Russia’s #MeToo: 2 Journalists Accuse MP Slutsky Of Sexual Harassment

"The attempt to make Slutsky a Russian Harvey Weinstein is most of all like a cheap, shoddy provocation,” challenged the enraged parliamentarian.

A member of Russian parliament has been publicly accused of sexual harassment by two female journalists, a claim that is being compared to the powerful #MeToo movement in the United States.

Ekaterina Kotrikadz and Darya Zhuk claimed that Leonid Slutsky, the chairman of the Russian parliament’s foreign affairs committee, tried to “forcibly kiss and grope” them on separate occasions.

Last week, Kotrikadz, a private station deputy editor, stated that Slutsky asked her to come into his office “without a camera” and tried to force himself on her.

"He led me into his office, locked the door and tried to somehow lean me up against the wall and to somehow touch and kiss miss. I broke away, and ran out,” she stated.

Zhuk, a producer at liberal channel TV Rain, also echoed similar claims in a video.

"As soon as you came into the studio, you almost straight away showed yourself — you tried to kiss me, tried to touch me,” she said. “It was unpleasant and frightening for me. Now I have just one question for you: Will you now still try to deny everything?"

Prior to these women going public with their accusations, a number of Russian women anonymously made similar claims.

Slutsky has denied these accusations, claiming they were an attempt to portray him as the “Russian Harvey Weinstein.”

"The attempt to make Slutsky a Russian Harvey Weinstein is most of all like a cheap, shoddy provocation,” the politician said. “If someone has claims against me, let these people say them to my face."

This is perhaps the most high profile sexual harassment case to come out of Russia in years. Russian officials have repeatedly debunked the #MeToo movement as Liberal hysteria and a political campaign.

Dmitry Kiselyov, the head of the state-run news agency, stated now “everything can be seen as dirty harassment” and openly criticized the #MeToo movement.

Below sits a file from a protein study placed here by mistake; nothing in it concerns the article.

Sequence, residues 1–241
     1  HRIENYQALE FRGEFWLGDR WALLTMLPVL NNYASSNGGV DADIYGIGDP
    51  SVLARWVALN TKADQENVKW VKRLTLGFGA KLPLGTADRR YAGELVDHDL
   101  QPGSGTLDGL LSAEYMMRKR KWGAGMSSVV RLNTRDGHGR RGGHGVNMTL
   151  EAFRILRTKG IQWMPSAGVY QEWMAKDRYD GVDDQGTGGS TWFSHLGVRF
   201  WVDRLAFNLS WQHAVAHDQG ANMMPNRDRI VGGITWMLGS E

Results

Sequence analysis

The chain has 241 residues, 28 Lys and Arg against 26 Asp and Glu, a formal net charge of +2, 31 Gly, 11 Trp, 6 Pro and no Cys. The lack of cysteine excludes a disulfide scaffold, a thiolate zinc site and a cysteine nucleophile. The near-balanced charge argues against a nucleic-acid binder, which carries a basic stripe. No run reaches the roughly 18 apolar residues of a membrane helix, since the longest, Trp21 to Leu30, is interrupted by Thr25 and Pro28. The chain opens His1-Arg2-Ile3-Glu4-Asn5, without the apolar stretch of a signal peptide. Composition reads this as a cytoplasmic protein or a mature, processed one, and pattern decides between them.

"There’s no sex in America. The sexual revolution is a thing of the past,” he continued. “Now everything can be seen as dirty harassment. This campaign, with brutal seriousness, threatens to destroy the humor in people’s relationships; affecting impulsivity, spontaneity and passion.”

An official from Slutsky’s Liberal Democratic Party proposed pulling TV Rain’s parliamentary accreditations.

The head of Family Affairs, Tamara Pletneva, claimed only women who want “attention” get harassed and that the victims coming forward were trying to mimic what’s currently happening in the U.S. and Europe.

State DUMA Deputy Irina Rodnina, a member of the Ethics Committee, stated “I don’t want to discuss it. If this is [these journalists’] greatest professional accomplishment, then what is there to say? I know about the similar scandal with Weinstein. I’d like to ask these actresses just one thing: if Weinstein had this reputation, why did they come to him? I think it’s strange that actresses were silent for 20 years, and then they decided to come forward. Well, great. We’ll sing songs to their glory. Fortunately, this practice hasn’t spread to Russia.”

Another parliamentarian claimed that “matriarchal democracy’s rise in the West will herald the sunset of Europe.”

Russian officials have gone to great lengths to avoid the #MeToo movement from “spreading to Russia.” Recently a bill was passed decriminalizing domestic abuse and reducing penalties on domestic assault.

Thumbnail/Banner Credits: A.Savin, Wikimedia Commons

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